It’s not just in Russia that frost has damaged crops.

Last week by chance I was in Estonia, the most northerly of the Baltic States that joined the EU in 2004. We visited a number of farms, one of them was an old state farm dating from when Estonia was part of the Soviet Union.

After the upheavals of the 1990s, the farm was effectively bought by the former employees. Since then the 4,500 ha (almost 12,000 acres) has been sold twice and is now owned by an Estonian businessman. They had 400 ha (1,000 acres) of winter oilseed rape – all of it was destroyed. The land was replanted with a combination of maize, oats and peas. Down the road, Kristan Poldmaa told us that 80% of his winter wheat had been destroyed. Farming with his father, they decided to replant on the basis that they were not clear how a government compensation scheme was going to work so rather than leave the land bare and hope for reasonable compensation, they would at least have some crop and then argue their case.


The cause of the devastation in the Russian / north eastern Europe area was a warm January that melted the crop-protecting snow. It was followed by a bitter northerly wind with severe frosts that killed the emerged plants. But it seems to have happened in pockets rather than ruining whole areas. It’s clear that Russian crops have also been badly affected.

Estonia has become a poster boy for what can be achieved by a country that has emerged from the oppressiveness of a communist regime and builds on the principles of a democratic open society. As a member of the EU since 2004, its average income per head has grown from 35% of the EU average to 65% today.

Plain sailing

But it hasn’t all been plain sailing, especially in agriculture. Though over half the size of all of Ireland at 45,000 sqkm, it has a population of only 1.3 million. Half of the land area is in forestry – with some Irish investors and with only 96,000 dairy cows, its dairy industry is small and fragmented, though the large Finish co-op Valio has a strong presence. Because of its small livestock sector, caused in part by the loss of its previously critical Russian market, wheat and barley are exported at essentially world prices, so the need for modern efficient facilities is clear if serious farming is to survive.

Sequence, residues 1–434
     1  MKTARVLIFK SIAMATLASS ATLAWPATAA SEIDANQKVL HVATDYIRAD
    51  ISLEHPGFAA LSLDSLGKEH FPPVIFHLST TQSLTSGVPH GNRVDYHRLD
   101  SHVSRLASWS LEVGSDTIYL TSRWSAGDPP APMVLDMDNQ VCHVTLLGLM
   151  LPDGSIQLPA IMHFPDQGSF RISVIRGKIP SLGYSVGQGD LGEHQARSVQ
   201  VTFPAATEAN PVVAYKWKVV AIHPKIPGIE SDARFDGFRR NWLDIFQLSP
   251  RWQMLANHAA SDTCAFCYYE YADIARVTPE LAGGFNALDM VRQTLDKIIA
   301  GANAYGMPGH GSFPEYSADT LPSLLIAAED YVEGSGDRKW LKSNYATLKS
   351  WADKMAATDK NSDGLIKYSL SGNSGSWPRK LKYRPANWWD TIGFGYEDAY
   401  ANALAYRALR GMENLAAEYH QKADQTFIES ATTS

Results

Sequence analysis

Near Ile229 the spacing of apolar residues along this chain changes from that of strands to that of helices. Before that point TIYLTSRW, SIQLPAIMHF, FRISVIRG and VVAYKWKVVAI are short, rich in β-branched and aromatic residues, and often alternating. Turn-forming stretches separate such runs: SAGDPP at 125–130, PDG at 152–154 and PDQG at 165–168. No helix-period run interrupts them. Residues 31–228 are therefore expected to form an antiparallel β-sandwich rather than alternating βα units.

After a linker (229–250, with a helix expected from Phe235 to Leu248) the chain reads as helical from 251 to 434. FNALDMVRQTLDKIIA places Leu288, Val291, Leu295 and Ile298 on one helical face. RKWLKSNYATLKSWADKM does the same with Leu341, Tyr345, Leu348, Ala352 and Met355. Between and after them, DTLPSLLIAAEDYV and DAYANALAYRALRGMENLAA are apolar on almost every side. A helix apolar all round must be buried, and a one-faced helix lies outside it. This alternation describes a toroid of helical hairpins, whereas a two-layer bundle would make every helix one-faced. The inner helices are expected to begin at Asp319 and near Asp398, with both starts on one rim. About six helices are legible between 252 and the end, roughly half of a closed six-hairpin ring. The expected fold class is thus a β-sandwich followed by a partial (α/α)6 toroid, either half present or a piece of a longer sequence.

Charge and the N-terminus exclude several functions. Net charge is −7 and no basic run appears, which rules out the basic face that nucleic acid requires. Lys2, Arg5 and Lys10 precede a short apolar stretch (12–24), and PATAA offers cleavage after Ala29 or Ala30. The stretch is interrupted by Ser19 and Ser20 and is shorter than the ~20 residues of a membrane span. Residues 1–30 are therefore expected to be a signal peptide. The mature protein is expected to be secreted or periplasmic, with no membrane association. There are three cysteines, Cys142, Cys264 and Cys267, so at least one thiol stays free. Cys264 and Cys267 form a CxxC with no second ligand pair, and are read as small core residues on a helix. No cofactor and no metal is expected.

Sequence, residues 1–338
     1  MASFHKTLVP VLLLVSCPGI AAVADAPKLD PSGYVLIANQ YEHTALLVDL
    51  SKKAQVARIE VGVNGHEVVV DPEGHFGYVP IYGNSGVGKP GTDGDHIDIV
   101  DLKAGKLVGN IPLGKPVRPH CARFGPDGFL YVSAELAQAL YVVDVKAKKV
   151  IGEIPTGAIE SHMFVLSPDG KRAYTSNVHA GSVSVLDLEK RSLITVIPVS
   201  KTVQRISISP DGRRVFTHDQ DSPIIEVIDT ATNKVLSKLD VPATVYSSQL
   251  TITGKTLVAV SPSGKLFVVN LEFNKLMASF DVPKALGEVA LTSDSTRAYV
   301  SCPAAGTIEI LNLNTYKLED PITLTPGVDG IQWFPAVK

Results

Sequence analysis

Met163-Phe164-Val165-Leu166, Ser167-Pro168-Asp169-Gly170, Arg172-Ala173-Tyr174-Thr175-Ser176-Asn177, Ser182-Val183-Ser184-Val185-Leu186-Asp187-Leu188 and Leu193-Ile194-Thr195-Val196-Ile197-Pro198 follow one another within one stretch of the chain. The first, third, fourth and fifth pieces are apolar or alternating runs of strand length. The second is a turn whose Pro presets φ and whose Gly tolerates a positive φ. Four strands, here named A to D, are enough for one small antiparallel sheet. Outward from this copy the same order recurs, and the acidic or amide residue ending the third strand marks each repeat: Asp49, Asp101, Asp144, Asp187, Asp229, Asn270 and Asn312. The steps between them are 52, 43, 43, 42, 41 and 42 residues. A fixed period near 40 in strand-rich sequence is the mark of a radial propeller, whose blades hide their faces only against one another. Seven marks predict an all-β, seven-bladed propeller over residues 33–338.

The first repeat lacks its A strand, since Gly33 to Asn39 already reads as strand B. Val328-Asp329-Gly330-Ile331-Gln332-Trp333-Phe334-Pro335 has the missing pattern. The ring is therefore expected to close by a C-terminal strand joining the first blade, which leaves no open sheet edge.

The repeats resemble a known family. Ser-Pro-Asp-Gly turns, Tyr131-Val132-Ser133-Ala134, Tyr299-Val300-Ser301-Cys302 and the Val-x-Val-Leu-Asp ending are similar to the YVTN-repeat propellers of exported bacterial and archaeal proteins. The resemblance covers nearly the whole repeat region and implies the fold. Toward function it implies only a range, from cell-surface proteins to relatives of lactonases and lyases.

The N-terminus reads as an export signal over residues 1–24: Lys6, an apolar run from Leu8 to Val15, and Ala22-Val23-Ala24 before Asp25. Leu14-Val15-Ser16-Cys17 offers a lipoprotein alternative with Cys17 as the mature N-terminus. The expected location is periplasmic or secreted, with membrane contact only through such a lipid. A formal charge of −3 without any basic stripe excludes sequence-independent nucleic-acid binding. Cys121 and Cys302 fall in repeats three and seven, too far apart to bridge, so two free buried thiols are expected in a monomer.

The economy centered in Tallinn the capital has diversified with IT and finance among the new key sectors (Skype was invented there).

The important Russian market, especially for pigmeat, has disappeared mainly because of the sanctions applied after the Russian invasion of Crimea in 2014 and domestic Estonian production has reduced in the face of the loss of both the Russian market and competition from Poland.

Similarly the sugar beet industry has disappeared. Most of the standard tillage crops are grown but by Irish standards, yields are mediocre with 5t - 6t per ha being an acceptable average yield for winter wheat and 3t - 3.5t per ha for oilseed rape. Farms are large. One new specialist grain co-op we visited has 182 members with an average farm size of 560 ha (1,300 acres).

Completely free

With good land making about €8,000/ha, the land market itself is completely free and open. Some progressive farming families have grown from the sixteen ha allowed under communist rule to substantial operations today; while an Austrian pension fund has accumulated over 20,000 ha (50,000 acres). All receive the basic EU payment of €100/ha and everyone we met complained of the growing burden of regulation.

Among the regulations – the obligation to use low emission slurry equipment and the ban on ploughing permanent grassland.

Government policy is actively encouraging efficiency and modernisation by giving capital grants for machinery and infrastructure.

At the new grain co-op, we visited a new intake site and a storage and drying facility was being built from scratch at a total cost of €8.6m – €1m was being put up by the members, €1.6m by way of government grant and the balance a loan from a commercial bank.